We call the Aspire Z5610 competent because it performs well enough on our performance tests for its price and specs. In a battle of CPUs, its 2.6GHz Pentium Dual Core E5300 chip actually helps propel the Acer past the HP and its 2.7GHz Athlon II X2 235e on our iTunes and Photoshop tests. The Acer lags behind the HP on our multitasking and multithreaded Cinebench tests, which suggests that it's not quite as well suited to day-to-day computing where you might switch between multiple open programs, but the Acer is not so slow that we think it would overly hamper your basic productivity.

None of the PCs in this price range are well-suited to advanced 3D gaming, although the Acer's Radeon HD 4570 graphics chip should handle World of Warcraft and other more scalable games just fine. As long as you stay away from more demanding 3D games and multimedia editing tasks, you should have no major issues with the Acer's overall performance. Indeed, the only obvious limitation we can see with the Acer might be its smaller 320GB hard drive if you're a digital media hoarder. In that event, you'll need some kind of external or networked storage alternative.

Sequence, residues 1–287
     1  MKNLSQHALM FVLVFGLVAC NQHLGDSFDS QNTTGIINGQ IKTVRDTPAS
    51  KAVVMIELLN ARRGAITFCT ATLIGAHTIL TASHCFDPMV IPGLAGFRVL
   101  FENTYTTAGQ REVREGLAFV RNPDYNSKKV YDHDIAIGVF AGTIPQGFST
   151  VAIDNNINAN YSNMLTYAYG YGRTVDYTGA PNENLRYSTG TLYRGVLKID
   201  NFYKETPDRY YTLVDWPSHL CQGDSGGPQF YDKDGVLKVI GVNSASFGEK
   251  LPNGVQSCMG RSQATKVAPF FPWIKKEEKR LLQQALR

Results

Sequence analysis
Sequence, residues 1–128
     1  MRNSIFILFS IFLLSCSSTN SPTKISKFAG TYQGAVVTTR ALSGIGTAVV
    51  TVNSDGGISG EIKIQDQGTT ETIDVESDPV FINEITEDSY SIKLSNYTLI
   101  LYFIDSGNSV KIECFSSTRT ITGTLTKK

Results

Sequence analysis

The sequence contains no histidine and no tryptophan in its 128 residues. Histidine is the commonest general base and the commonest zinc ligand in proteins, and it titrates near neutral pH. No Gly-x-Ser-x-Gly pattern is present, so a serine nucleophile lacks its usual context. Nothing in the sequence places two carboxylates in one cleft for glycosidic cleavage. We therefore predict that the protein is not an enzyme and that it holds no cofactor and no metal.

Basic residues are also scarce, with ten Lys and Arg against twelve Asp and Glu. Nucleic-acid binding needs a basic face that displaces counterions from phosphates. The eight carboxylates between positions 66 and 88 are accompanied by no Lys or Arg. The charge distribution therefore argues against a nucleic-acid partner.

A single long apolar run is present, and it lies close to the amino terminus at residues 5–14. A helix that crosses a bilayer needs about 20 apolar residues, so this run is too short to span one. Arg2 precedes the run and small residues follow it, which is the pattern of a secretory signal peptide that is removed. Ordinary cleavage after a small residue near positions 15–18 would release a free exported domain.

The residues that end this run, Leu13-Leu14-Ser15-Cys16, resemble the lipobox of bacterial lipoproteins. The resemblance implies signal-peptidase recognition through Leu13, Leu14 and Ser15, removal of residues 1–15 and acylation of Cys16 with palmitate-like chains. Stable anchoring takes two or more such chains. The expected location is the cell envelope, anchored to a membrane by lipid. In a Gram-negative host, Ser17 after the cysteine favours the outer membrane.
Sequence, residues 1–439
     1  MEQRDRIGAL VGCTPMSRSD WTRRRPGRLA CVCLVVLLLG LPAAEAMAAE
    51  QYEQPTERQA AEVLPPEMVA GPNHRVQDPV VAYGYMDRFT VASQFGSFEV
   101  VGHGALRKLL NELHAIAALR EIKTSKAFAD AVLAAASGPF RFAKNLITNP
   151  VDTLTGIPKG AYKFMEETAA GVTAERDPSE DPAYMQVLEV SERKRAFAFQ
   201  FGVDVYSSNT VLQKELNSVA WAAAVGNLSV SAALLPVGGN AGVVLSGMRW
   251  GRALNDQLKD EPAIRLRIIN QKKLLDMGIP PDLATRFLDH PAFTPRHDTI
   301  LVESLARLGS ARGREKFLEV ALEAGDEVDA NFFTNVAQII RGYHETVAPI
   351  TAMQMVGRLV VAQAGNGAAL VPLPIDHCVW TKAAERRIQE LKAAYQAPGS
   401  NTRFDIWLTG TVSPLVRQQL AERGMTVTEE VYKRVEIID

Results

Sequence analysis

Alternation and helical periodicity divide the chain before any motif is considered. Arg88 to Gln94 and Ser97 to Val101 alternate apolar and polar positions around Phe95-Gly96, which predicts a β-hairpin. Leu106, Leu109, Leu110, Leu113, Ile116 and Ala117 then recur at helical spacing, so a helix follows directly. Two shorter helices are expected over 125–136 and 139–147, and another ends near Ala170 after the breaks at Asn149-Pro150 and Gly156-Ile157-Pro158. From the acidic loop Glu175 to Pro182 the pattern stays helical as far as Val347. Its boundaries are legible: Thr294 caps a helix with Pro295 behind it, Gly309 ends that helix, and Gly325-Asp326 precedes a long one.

Otherwise, the Aspire Z5610 is a solid deal considering its price and its large screen. We can't help pointing out that its screen is larger, and its price is lower than Apple's 21.5-inch, $1,199 entry-level iMac. The iMac is a much better-looking computer than the Acer, and it's also much faster. But as we pointed out in our review of that iMac, if Acer's offering in the Aspire Z5610 compels other Windows desktop vendors to bring large-screen all-in-ones below $1,000, the most affordable iMac may have a rather large competitive disadvantage in its next revision if Apple doesn't adjust accordingly.

This week on CNET News

Discuss: Acer Aspire Z5610

Please log in to CNET to comment
Post Comment As...